When you choose a particular lecture, you get a window similar to that below, which shows the video lecture screen and the right column, which I will discuss below. At the top left of the video is the Course Dashboard button, which returns you there. In addition to the video's progress bar below it, moving the cursor over the screen brings up the three grey buttons that let you back up 15 seconds, play (or pause), and move ahead 15 seconds. I have found the 15 second repeat to be quite handy for taking notes. At the bottom left, you can opt, as I have, not to immediately load and play the next lecture when you complete the current one. The checkmark at the bottom right turns white on a green background when you complete a lecture.
The right column has four tabs at the top. The leftmost tab lists the course sections and their lectures. The next tab allows the download of relevant lecture material, if any is provided. There is a comment tab, although posting a comment apparently does not automatically provide the section and lecture information, so provide it yourself. The rightmost tab is for notes, which are timestamped by section in the video. The notes can be downloaded, though I have yet to do so. Notes can be edited and deleted, but they cannot be moved around; for example, if you back up in the video to 1:01 to make a note after a note made at 2:13, the notes' times will be out of sequence. Clicking on a note's time takes you to that point in the video lecture.
Over the past couple of weeks, I have begun studying Brazilian Portuguese with the help of Duolingo, a nifty free foreign language study site and tool. The iOS application is quite good. My interest in Portuguese stems from a friend who is an electrical engineering professor in Brazil. We talk regularly on Skype, and I've begun taking more of an interest in things Brazilian. I pay more attention to the little news I get out of Brazil. A book I read over the winter break made a reference to the Brazilian movie City of God, which was grim but interesting.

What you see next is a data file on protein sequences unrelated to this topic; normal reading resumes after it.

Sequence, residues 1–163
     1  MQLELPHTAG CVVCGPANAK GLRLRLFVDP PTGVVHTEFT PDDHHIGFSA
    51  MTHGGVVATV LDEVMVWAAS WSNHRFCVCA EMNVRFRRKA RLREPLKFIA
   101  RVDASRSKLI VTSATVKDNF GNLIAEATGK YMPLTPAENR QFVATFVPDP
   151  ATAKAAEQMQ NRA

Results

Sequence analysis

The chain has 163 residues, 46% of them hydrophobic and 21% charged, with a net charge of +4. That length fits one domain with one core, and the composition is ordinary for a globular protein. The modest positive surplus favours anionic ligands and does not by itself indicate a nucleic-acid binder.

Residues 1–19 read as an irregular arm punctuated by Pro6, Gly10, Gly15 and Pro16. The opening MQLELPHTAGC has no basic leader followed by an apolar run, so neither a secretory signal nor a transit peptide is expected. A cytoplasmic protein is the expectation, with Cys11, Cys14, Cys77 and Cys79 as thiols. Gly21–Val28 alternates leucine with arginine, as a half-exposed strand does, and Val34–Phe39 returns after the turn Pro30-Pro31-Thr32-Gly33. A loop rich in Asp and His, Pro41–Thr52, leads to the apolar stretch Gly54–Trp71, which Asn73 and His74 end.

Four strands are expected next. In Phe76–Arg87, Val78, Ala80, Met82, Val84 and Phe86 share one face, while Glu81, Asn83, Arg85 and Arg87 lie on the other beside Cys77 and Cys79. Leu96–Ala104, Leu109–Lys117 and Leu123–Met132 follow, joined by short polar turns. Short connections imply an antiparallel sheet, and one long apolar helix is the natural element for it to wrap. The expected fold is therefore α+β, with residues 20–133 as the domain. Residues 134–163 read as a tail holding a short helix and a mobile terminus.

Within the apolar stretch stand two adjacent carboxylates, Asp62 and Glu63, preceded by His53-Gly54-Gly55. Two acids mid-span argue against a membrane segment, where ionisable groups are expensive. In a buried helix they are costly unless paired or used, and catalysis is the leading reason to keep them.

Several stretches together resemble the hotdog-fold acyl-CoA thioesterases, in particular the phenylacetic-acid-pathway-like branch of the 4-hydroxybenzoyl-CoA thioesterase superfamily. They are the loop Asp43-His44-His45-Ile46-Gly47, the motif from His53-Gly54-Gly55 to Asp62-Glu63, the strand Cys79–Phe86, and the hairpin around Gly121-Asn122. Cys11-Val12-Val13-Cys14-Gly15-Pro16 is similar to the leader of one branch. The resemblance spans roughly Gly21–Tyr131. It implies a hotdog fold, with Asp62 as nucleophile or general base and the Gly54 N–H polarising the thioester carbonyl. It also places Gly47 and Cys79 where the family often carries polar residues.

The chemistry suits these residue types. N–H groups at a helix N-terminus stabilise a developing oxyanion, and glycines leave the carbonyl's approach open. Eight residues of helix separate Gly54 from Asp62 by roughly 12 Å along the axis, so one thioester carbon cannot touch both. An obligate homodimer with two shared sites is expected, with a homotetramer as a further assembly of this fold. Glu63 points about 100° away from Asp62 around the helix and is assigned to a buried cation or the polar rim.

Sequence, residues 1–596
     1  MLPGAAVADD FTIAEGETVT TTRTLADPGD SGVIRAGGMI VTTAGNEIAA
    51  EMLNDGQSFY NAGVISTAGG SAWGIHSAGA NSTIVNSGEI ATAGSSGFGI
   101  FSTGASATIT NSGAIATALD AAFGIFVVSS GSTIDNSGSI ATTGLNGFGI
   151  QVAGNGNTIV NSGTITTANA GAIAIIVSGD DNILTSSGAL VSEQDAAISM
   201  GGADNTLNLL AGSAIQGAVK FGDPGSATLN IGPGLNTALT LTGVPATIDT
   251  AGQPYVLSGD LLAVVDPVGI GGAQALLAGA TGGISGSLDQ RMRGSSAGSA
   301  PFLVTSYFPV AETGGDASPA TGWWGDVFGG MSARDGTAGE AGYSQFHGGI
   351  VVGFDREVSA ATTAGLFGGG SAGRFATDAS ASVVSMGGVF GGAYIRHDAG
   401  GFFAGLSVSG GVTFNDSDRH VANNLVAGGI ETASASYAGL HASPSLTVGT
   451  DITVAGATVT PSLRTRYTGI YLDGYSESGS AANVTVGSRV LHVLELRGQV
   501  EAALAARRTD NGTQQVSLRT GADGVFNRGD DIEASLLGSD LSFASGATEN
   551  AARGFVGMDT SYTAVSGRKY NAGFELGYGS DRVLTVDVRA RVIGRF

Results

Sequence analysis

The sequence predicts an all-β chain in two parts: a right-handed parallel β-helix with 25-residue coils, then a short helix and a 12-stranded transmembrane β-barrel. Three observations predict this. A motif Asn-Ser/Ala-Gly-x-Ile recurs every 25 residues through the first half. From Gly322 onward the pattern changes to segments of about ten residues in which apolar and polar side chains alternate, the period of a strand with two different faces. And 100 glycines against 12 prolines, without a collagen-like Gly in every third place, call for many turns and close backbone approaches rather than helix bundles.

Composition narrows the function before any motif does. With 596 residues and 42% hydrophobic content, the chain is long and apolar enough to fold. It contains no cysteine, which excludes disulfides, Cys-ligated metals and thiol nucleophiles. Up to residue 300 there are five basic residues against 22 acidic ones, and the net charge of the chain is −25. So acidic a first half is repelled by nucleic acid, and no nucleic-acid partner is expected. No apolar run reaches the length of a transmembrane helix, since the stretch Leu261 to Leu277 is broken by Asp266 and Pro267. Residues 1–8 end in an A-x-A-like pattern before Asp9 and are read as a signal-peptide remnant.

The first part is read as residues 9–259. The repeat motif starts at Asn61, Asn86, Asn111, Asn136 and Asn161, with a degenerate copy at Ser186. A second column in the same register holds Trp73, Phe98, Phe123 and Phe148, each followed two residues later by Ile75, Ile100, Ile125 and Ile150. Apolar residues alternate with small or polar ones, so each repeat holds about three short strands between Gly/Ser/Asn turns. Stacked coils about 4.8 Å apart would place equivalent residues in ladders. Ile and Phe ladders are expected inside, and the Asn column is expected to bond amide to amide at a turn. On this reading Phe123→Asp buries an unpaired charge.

Then there is this fellow, sadly no longer alive, who turned out some amazing bossa nova, a genre he helped popularize.
While reading the usual morning slew of bad news from around the world, I came across this article about the 50 US states' debt burdens. The article includes unsurprising claims, such as each Californian today owes $20,800 for past government policies and budgets, we're all the state's assets and liabilities to be summed and paid off today; New York, $20,700; Illinois, $45,000; New Jersey, $52,800. At some point, these states will raise taxes even higher on today's taxpayers to address past fiscal incontinence. In short, these are states I will avoid.
Looking at each state's assets and debts, it is no surprise to see resource-rich low-population states like Alaska and North Dakota doing well. It is a shame to see Indiana has a bit more debt than assets, but the difference is hopefully manageable. A state that I find very attractive topographically, Kentucky looks like a lost cause with debt around four times its assets. Kasich's Ohio is debt-heavy as well.
Of course, there is also the ratio of capital makers versus takers, the subject of a Forbes magazine Death Spiral States article. The darker the state on the article's map, the greater the number of takers. California, again:
There are 114 clients drawing from the government for every 100 people chipping in by working outside the government and paying taxes. We’re calling this the Feedme Ratio. Six states have a number over 100.
Years ago, my father was offered a well-paid engineering job in California. My sister and I were all for it, because we were mere children who thought California would be hip and happening. My mother was ambivalent. Dad called around to some people he knew in California and they were unanimous: Don't come! Extortionate taxes! Insane real estate costs! Thankfully, he heeded their warnings.